Is Bundle Batching right for me?
This is helpful if you need to remove components from inventory without selling a Bundle.
For example, if a bakery sells a particular pastry, they bake a set number every day. This requires flour, eggs, butter, etc. that cannot be used for another Bundle, so those ingredients need to be deducted, even if they haven't been sold.
This is also useful when you need to track the completion of an intermediate step for a recipe. For example, if I make a sauce from scratch, and then use that sauce in multiple dishes, I want to track the ingredients used in the making of the sauce as well as where it goes from there.
1. Create the ingredients. — You need to know what's on the shelf and what quantities are on-hand. These are usually marked inactive if they are not sold by themselves. Example: Flour, Sugar, Yeast.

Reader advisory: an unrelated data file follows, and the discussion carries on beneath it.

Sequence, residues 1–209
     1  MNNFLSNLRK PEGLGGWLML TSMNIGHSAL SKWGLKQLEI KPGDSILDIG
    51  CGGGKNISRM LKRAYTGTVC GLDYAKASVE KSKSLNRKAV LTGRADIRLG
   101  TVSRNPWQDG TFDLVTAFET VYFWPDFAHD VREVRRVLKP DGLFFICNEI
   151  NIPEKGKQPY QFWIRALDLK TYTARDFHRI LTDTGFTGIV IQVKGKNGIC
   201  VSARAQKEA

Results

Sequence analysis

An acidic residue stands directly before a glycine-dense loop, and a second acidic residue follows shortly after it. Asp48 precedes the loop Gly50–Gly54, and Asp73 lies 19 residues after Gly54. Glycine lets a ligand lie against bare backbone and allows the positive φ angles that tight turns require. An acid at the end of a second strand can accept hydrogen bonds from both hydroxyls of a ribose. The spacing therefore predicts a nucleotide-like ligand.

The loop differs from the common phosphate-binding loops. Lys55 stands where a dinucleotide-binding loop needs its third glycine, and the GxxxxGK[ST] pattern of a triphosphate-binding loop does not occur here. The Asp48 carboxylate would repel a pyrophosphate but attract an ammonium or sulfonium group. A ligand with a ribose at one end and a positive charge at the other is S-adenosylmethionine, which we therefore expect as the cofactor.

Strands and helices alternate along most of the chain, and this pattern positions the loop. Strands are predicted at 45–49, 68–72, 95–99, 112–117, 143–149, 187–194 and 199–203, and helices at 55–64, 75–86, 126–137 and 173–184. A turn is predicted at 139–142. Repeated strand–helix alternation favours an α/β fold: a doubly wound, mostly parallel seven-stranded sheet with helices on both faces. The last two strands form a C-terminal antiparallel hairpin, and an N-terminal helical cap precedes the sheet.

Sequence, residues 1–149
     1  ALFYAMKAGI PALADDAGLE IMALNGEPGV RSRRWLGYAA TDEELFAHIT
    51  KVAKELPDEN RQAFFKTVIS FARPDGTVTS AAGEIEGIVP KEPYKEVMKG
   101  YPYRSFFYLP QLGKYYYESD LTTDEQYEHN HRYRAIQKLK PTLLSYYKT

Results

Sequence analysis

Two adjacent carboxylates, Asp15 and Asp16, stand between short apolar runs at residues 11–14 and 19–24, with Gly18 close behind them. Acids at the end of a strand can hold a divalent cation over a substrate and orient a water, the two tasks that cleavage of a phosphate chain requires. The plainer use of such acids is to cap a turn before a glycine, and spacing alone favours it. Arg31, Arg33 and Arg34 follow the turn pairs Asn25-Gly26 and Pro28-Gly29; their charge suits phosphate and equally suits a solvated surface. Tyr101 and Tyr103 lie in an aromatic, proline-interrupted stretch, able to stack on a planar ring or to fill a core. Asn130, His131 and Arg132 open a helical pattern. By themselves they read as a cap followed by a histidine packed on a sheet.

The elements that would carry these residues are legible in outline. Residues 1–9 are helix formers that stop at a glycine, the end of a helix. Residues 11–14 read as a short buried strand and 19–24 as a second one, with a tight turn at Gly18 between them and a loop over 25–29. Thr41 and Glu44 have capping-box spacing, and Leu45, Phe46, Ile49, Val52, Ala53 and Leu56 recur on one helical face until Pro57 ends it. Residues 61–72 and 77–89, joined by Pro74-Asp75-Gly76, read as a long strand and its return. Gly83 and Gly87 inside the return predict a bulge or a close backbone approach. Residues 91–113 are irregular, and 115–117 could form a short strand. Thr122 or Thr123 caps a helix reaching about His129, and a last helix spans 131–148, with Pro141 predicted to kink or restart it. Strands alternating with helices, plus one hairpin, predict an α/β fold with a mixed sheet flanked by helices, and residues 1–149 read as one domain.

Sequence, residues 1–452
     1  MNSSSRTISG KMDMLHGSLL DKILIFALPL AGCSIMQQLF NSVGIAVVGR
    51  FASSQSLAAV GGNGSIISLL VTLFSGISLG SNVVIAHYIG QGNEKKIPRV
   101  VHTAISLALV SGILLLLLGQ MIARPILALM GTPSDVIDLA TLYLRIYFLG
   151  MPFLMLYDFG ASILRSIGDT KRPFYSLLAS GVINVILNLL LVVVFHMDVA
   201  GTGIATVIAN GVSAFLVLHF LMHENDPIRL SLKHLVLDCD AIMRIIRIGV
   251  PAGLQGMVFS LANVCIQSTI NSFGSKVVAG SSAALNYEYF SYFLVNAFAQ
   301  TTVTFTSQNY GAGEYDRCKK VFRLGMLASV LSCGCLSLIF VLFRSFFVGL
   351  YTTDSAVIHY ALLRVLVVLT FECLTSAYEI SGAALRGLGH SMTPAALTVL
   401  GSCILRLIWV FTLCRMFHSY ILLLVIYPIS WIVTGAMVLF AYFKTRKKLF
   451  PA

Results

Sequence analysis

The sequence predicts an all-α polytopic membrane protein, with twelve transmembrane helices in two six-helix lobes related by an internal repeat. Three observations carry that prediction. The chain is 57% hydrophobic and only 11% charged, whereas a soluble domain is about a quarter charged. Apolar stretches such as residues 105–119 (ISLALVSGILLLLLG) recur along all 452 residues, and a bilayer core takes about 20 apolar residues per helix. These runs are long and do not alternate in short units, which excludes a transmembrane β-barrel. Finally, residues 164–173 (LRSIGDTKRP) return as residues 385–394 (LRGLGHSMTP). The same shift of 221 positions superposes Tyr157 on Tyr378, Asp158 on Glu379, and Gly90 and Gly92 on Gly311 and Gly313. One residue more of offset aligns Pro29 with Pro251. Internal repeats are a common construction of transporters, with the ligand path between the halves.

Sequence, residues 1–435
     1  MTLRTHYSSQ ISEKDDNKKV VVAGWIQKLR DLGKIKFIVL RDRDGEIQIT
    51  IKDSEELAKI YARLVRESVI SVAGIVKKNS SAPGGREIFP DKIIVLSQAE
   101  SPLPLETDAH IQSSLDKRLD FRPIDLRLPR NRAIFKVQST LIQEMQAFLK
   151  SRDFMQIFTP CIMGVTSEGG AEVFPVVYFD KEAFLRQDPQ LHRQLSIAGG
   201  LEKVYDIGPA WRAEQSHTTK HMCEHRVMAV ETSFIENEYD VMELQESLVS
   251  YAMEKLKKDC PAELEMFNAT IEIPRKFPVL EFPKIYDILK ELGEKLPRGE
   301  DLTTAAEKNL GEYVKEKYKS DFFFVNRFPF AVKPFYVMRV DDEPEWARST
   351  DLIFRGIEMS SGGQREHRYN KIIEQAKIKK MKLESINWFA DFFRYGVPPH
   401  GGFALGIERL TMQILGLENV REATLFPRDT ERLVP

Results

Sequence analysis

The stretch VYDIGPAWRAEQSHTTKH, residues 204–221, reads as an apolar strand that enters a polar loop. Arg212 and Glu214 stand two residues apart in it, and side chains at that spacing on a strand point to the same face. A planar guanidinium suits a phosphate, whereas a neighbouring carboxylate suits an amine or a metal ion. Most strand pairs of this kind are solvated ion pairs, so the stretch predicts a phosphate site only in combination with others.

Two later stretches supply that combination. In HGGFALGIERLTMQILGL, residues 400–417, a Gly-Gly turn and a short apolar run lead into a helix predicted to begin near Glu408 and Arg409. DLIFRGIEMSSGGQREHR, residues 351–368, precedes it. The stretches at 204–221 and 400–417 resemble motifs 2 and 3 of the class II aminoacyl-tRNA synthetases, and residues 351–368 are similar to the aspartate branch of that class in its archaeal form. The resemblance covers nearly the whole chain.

2. Build the Bundle — This requires combining the ingredients in the quantities they will be used. Learn more about Bundles
This Bundle price should be set to zero. It will not be sold to a customer. It will only be used for the purposes of deducting components.
3. Create a product version of the Bundle that will be sold to the customer — This is a regular product in the Products & Variants tab. The cost should be set to zero (since costs are accounted for in the Bundle). Set the price, to what the customer will pay.
4. When you finish a batch, sell the Bundles — This will deduct the components and account for costs.
5. Add the sold quantities to the Product version — This will make those finished products available for sale to the Customer, or for use in another bundle.
6. Sell the Product version to your Customers! — Costs are accounted for in selling the Bundle and profits are assessed in selling the products.
Separate the Bundle version and the Products version into separate Categories.
Use different Product names to ensure there is clear labeling.
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